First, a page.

Wednesday, February 20, 2008


Mr. S. and I have been married almost 33 years. We spent the first several years of wedded bliss in searching for the best chili recipe. We attended cookoffs, purchased recipe books, and searched the Internet for THE perfect recipe. We came across perfection quite by accident when a friend gave us a packet of Carol's Brown Bag Chili Mix. We made the pot of red by the recipe and then started our own trials. The recipe shown below is our final outcome. We still try out new seasonings and recipes, but we always come back to this:
The Perfect Chili Recipe.

Begin with 2 pounds of ground beef. I use the 83% lean because the leaner beef results in dry meat. Brown the meat until it begins to give up it's juices.

The ingredients!

Carol's Brown Bag Chili Mix

As the ground beef begins to brown, open the brown bag and all of the little packets inside. They are salt, chili seasoning, mesa, and ground hot pepper.

When the ground beef starts to look really yucky and give up its juices -

It's time to stir in the seasonings. Stir them directly into the beef. Watch the meat carefully as you stir in the seasoning because sometimes it will try to stick. Putting the seasonings directly into the meat not only gives the meat a great flavor, but will prevent the mesa and seasonings from the possible clumping that would occur if you made them into a slurry and then added them to the liquid. It also does a finer job of seasoning the meat.

Stir the seasonings into the meat really well.

Remove your peppers from the freezer so that they thaw just a bit. Since I made this batch of chili for wimpy guests, I cut way back on the peppers that I used.
For this recipe I used only 1 red habenero, 2 green jalapenos, and 4 dried peppers of unknown extraction.

I use only Bush's Chili Beans in my chili. Other brands don't have the same flavor. I formerly used Bush's Chili Hot Beans which were more flavorful, but apparently Bushs no longer manufactures them. I am only able to find Bush's Chili Beans in Hot Sauce. They are good, but don't taste quite the same. These beans are NOT hot, but have a wonderful taste. I add 3 cans. You can add more if you like chewy chili.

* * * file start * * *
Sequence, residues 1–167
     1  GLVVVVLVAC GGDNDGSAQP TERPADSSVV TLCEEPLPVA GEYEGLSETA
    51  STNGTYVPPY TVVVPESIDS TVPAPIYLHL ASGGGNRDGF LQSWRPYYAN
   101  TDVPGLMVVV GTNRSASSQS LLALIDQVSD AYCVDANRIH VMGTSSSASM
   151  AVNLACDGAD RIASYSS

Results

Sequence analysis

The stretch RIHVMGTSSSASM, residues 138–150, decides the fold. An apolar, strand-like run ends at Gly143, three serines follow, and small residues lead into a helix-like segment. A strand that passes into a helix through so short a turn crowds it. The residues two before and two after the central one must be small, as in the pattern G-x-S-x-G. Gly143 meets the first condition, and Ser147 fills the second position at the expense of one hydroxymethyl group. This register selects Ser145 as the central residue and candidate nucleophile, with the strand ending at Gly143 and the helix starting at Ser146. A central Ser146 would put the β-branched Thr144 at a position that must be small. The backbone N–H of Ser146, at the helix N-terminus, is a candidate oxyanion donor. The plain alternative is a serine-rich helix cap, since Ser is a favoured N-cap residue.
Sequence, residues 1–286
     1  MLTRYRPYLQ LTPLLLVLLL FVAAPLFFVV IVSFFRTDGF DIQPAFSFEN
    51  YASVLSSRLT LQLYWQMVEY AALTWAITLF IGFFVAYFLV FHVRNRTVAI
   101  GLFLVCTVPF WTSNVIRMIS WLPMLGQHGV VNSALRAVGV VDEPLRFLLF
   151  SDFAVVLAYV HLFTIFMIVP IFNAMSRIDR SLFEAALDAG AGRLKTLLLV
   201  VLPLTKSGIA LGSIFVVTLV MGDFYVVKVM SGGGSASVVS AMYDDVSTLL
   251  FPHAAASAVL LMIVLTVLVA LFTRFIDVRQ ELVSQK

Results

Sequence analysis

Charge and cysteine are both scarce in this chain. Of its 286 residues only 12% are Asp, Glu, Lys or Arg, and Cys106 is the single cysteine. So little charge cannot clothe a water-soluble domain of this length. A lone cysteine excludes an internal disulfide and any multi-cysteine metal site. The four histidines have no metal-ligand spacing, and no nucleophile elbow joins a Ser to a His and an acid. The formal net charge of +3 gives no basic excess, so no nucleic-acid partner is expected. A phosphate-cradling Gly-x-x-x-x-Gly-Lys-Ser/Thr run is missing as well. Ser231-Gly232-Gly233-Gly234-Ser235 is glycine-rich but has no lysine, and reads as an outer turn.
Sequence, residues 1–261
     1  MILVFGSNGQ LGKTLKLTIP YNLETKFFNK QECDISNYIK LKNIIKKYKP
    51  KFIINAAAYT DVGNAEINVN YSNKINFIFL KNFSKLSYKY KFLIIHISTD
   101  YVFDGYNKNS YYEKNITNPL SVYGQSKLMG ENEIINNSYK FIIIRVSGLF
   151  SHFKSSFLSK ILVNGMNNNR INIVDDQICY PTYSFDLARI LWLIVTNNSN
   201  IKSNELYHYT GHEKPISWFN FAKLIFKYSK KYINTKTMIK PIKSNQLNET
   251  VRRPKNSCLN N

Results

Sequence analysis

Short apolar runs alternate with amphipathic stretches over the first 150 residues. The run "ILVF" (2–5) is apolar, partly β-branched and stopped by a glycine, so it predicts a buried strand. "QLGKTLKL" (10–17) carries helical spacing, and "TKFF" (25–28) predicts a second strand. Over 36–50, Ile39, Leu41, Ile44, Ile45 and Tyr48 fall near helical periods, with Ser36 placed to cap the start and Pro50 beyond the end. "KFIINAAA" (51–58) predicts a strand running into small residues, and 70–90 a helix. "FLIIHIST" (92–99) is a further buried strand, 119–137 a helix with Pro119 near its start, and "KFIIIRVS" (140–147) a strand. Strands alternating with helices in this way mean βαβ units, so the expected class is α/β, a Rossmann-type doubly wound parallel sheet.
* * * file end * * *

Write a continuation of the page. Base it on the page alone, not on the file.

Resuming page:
Put the beans in directly on top of the ground beef.
Now, add 3 quarts of diced tomatoes. If you add the tomatoes first, the beans will splash into the tomato juice and onto your shirt.

Add the peppers as desired. The easiest way to chop the peppers is when they are partially frozen. Use a pair of old scissors to make about 8 slits lengthways through the pepper, then dice using the same scissors. Do not remove the membrane or seeds.
The peppers that I use depend on what I have at the moment and who is coming for dinner.
At various times, I've used Tabasco peppers (don't use the sauce because you can taste it!), bird's eye, serano, chipotle, etc. Whatever else I use, I always add habeneros and jalapenos.

Stir in the peppers and allow the soup to simmer for several hours.
Chili is always better after the flavors have been allowed to marry; so, if you have time, prepare the chili the day before you plan to serve it.

Dish the chili into individual serving bowls.
Place dishes of sour cream, grated cheese, tortilla chips, more chopped peppers, etc. on the table and allow your diners to garnish their chili as they wish.

Serve with milk to cut the heat! The feast above is shown on our
Mug Mats
which are available from

1 comment:

Jane In The Jungle said...

I always us Bush Beans also! My 2nd son grew jalepenos, habaneros and seranos this summer so I'm adding peppers to everything!!